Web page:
Ed Poll is a nationally-recognized legal management expert whose advice has helped thousands of lawyers create more rewarding legal practices, and directed hundreds of national, regional, and local law firms towards higher profitability.
Two questions must be answered for law firms to justify keeping young associates: is there enough work for the associates to do, and will the firm profit by the work being done? This can be expressed as a basic equation: Billings – [Associate's Total Compensation + Direct and Indirect Expenses] = Net Profit. The associate must do the work assigned as effectively and efficiently as possible. Fulfilling this responsibility in a way that produces net profits for the firm is essential for an associate to grow a career. Every associate should realize that keeping one’s own job in today’s business environment is a personal responsibility, not a firm one. Given that realization, there are certain steps that point the way for worthwhile associates to increase their net profit to the firm by becoming effective business developers.
The first step is institutional. A law firm can make its associates better marketers, and create a huge competitive advantage for itself, by proactively encouraging succession of clients from older to younger lawyers. One way is to offer senior lawyers a buyout or capital payout in exchange for sharing clients with younger lawyers. Another is to service clients with teams (not just a single rainmaker), and cross-sell between teams according to a strategic plan. Train associates to go after target businesses according to a personal marketing plan, and give bonuses to those who get results. With this opportunity to grow business development opportunities, associates shouldn’t be made partners unless and until they have a book of business.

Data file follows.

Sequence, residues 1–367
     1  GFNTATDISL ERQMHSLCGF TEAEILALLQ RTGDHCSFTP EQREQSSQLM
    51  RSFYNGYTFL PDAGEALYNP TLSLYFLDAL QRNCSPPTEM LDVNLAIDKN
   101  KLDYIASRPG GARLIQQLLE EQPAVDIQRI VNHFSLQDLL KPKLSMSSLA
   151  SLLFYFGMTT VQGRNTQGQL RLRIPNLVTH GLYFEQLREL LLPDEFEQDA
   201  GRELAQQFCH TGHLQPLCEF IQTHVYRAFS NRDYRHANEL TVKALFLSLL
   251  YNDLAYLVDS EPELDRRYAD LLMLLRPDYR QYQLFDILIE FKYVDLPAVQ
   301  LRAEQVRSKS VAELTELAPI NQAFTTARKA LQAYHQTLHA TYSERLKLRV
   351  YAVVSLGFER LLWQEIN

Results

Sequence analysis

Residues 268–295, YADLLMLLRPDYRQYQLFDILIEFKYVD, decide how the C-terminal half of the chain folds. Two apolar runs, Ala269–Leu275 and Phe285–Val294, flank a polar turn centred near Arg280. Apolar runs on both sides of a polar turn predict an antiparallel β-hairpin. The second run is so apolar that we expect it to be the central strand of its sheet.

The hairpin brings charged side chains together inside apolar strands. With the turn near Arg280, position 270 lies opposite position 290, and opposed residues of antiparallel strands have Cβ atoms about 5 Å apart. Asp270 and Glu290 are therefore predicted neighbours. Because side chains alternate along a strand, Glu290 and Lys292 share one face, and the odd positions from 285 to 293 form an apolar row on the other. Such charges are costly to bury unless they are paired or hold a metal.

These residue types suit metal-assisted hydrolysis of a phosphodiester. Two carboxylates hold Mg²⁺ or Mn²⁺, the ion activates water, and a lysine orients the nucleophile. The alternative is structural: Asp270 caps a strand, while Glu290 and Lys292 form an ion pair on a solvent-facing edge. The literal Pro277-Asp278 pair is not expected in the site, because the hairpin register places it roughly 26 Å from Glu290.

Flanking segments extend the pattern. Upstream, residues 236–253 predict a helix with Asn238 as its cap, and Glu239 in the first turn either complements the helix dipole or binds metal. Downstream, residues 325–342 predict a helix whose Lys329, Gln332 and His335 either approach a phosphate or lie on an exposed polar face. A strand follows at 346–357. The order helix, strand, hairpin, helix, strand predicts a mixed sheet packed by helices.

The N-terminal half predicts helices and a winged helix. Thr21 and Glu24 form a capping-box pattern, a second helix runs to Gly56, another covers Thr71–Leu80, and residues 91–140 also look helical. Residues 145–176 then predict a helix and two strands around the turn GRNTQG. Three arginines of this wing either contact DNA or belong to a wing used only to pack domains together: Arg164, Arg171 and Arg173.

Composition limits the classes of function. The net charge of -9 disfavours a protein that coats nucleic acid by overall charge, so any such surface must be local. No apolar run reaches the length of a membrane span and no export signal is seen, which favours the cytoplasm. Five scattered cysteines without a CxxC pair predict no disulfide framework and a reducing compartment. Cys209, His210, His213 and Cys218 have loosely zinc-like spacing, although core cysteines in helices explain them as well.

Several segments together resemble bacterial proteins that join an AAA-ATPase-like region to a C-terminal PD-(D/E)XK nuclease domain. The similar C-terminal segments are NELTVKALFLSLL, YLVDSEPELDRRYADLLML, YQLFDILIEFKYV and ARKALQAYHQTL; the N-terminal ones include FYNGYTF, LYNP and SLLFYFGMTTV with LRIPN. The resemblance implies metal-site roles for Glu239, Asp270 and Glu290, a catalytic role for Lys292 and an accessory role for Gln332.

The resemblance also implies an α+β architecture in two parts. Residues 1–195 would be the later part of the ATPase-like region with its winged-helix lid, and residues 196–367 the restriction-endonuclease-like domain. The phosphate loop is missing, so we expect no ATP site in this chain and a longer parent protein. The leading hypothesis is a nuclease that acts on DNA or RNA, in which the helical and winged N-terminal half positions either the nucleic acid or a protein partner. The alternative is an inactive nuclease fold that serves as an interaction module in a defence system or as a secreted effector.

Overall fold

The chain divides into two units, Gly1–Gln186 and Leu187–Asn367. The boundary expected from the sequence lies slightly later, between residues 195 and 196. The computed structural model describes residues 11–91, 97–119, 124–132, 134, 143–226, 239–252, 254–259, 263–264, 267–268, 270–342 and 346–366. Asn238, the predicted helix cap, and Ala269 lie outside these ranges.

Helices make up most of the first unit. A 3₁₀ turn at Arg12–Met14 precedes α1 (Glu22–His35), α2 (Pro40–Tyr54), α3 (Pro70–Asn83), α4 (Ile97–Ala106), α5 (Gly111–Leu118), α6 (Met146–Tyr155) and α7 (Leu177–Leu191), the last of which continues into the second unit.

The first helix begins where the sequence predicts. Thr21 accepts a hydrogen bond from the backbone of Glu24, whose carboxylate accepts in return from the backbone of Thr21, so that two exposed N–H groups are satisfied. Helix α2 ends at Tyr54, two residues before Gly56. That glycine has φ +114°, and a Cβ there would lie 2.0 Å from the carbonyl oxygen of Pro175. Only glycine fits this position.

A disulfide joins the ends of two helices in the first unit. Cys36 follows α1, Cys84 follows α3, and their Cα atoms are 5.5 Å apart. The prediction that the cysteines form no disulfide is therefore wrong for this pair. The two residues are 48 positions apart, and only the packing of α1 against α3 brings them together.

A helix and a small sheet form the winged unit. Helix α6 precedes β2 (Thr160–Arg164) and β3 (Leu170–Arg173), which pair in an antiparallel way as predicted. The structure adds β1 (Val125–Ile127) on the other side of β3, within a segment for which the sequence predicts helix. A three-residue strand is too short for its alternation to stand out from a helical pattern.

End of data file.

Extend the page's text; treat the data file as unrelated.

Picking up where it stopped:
The next step, too often neglected, is to help associates with administrative staff. Law firm administrators with marketing involvement can facilitate young lawyers’ marketing effort by helping them to develop status reports and invoices that effectively communicate to clients how their matters are handled, along with client surveys to be sent out with an invoice or at the conclusion of a matter. Other business development activities with an administrator as ally involve setting up an informal client visitation schedule, or participating in client meetings. Administrators can organize such activities through encouraging the use of client relationship management (CRM) software and database systems. Administrators know that today’s successful associates will be tomorrow’s partners, so they will be eager to help.
The final step is one of attitude. Associates should wean themselves away from relying on rainmakers and build the ability to develop business. The hurdle here is helping associates develop “resiliency,” the ability to bounce back from criticism or rejection. The adversarial nature of lawyers’ training, and the fact that most lawyers have been successful at most things, creates a win-lose mentality that defines setbacks as failure. However, resiliency is essential for successful marketing. Even successful sales people will frequently meet rejection, but their focus is always on achieving the next “yes” rather than dwelling on the last “no. Given that associates typically have little or no exposure to this sort of thinking, the only way they will acquire it is by building up confidence through opportunities that the firm provides.